Tuesday, May 6, 2014


Liz Trenow is celebrating the release of THE FORGOTTEN SEAMSTRESS:

She Kept Her Secret for a Lifetime...

A shy girl with no family, Maria knows she's lucky to have landed in the sewing room of the royal household. Before World War I casts its shadow, she catches the eye of the Prince of Wales, a glamorous and intense gentleman. But her life takes a far darker turn, and soon all she has left is a fantastical story about her time at Buckingham Palace.

Decades later, Caroline Meadows discovers a beautiful quilt in her mother's attic. When she can't figure out the meaning of the message embroidered into its lining, she embarks on a quest to reveal its mystery, a puzzle that only seems to grow more important to her own heart. As Caroline pieces together the secret history of the quilt, she comes closer and closer to the truth about Maria.

Page-turning and heartbreaking, The Forgotten Seamstress weaves together past and present in an unforgettable journey.

File:Buckingham Palace from gardens, London, UK - Diliff.jpg
Buckingham Palace from the gardens
Photo by DAVID ILIFF. License: CC-BY-SA 3.0

I asked Liz why she selected Queen Mary and Edward VIII, Prince of Wales as the royal figures in THE FORGOTTEN SEAMSTRESS ... 

They kind of selected themselves, because of the royal fabric which inspired me to write the novel in the first place.

I come from a silk weaving family and have always been fascinated by fabrics. One day I was visiting the famous Warner Archive, in Braintree, Essex, when I saw a case of ‘May Silks’ – beautiful cream and white damasks and brocades, some with interwoven gold and silver threads, which were commissioned by the Duchess of Teck for the trousseau of her daughter, Princess May (later to become Queen Mary), for her wedding to the heir to the British throne, the Duke of Clarence.

Sadly, the Duke died just six weeks before the wedding and, with typical royal pragmatism, it was decided that she should instead marry his younger brother George, who later became King George V. Another design from the May silks was chosen for her wedding dress.

More than a century later, these silks still glimmered and shimmered in their case, and I became fascinated by the way that the designs, featuring roses, thistles and shamrocks with May blossoms and lovers’ knots, had been interpreted into the weave of the fabrics. They are truly unique, and have never been woven before or since.

The Prince of Wales had a very repressed upbringing, with a nanny who used to slap him to make him cry so that he would be returned to her. He seemed to spend the rest of his life rebelling against the restrictions of being a royal prince: enjoying a very lively social life, having affairs with a number of high society women (some of them married), and then following his heart to abdicate from the throne to marry the American divorcee Wallis Simpson.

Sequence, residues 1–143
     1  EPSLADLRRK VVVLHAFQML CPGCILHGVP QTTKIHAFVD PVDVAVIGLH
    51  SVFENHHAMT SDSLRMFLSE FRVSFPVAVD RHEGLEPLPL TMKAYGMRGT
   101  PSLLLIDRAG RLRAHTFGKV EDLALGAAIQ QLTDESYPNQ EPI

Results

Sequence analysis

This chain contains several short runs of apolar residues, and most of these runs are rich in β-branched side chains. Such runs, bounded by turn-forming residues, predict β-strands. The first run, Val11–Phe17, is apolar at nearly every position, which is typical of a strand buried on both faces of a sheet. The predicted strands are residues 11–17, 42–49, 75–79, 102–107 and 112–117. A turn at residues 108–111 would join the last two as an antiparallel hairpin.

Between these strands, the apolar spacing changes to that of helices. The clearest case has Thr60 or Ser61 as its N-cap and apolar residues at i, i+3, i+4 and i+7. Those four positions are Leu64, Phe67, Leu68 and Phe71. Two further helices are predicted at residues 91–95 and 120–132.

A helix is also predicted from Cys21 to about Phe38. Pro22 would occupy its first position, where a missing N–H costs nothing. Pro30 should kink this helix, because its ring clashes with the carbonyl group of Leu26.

By all accounts he was extremely charming, very good looking and had mesmeric blue eyes. I have based the scenes involving the young prince on accounts and real events of his early life, and grew quite fond of him and his rebellious ways!

It’s been lovely talking to you. If you want to find out more about me and my books, please visit liztrenow.com.

The New Ballroom at Buckingham Palace
Painting by Louis Haghe - Public Domain (link)

Mahalo, Liz, for sharing the inspiration for THE FORGOTTEN SEAMSTRESS.   I am giving away a print copy to one randomly selected commenter.  To enter the the giveaway,

1.  Do you have any sewing talent?  I have none.

2.  Comments are open through Saturday, May 10, 10 pm in Baltimore. 

3.  I'll post the winner on Sunday, May 11.


Kim in Baltimore
Aloha Spirit in Charm City

File:Bird Eye Pictures of London Buckingham Palace 1909.jpg
Aerial view of Buckingham Palace, 1909
Public Domain (link)


  1. I can sew. I'm no professional, but I can whip out the sewing machine, or hand stitch, an article of clothing or what have you.

  2. I can sew. I loved making all my daughters' costumes.

  3. No sewing talent for me...but my oldest sister can sew.

  4. I have no sewing talent at all, except for maybe being able to sew a button on.

  5. I can sew on a button or fix torn seam. That's about it!

  6. I can do the basics and I did enjoy it in school but I'm afraid I never really learned that much.

  7. LOL I don't really have a sewing talent but I like to pretend that I do. I did sew a pleated skirt for myself and sewed some pillows using the sewing machine. But I can sew by hand too and make some geometric designs if I work on it long enough to complete it.

  8. I have no sewing talent what-so-ever. My daughter sews extremely well and has made Renaissance gowns. She also does counted cross-stitch and quilts. I have no idea where she gets it from!

  9. I can sew. I used to make clothes, but now I make quilts. I was looking forward to sewing for baby girls, but ended up having two boys. Boys clothes are boring to sew. LOL My MIL was a home-ec teacher and my hubby can sew, too. He even had his own sewing machine when we got married.

    Marcy Shuler

  10. I have zero sewing talent. If I need a button sewed on something, my husband will do it.

  11. I only know how to sew using a needle & thread....when I was little, I used to use comic book pages & sewed paper pants for my dolls!!!!

    cyn209 at juno dot com

  12. Sewing is one of those things that I always mean to learn how to do better.